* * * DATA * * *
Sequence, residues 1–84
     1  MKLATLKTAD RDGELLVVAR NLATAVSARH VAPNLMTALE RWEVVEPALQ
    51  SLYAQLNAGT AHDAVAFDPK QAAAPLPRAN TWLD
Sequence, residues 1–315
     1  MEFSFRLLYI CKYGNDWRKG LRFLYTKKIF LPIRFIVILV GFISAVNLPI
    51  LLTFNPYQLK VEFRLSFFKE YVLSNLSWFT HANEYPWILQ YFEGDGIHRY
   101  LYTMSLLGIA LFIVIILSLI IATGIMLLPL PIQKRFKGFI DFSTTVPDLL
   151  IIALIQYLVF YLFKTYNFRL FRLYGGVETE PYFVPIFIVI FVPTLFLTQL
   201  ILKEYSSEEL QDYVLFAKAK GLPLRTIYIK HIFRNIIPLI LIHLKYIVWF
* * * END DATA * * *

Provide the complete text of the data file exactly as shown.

Sequence, residues 1–84
     1  MKLATLKTAD RDGELLVVAR NLATAVSARH VAPNLMTALE RWEVVEPALQ
    51  SLYAQLNAGT AHDAVAFDPK QAAAPLPRAN TWLD
Sequence, residues 1–315
     1  MEFSFRLLYI CKYGNDWRKG LRFLYTKKIF LPIRFIVILV GFISAVNLPI
    51  LLTFNPYQLK VEFRLSFFKE YVLSNLSWFT HANEYPWILQ YFEGDGIHRY
   101  LYTMSLLGIA LFIVIILSLI IATGIMLLPL PIQKRFKGFI DFSTTVPDLL
   151  IIALIQYLVF YLFKTYNFRL FRLYGGVETE PYFVPIFIVI FVPTLFLTQL
   201  ILKEYSSEEL QDYVLFAKAK GLPLRTIYIK HIFRNIIPLI LIHLKYIVWF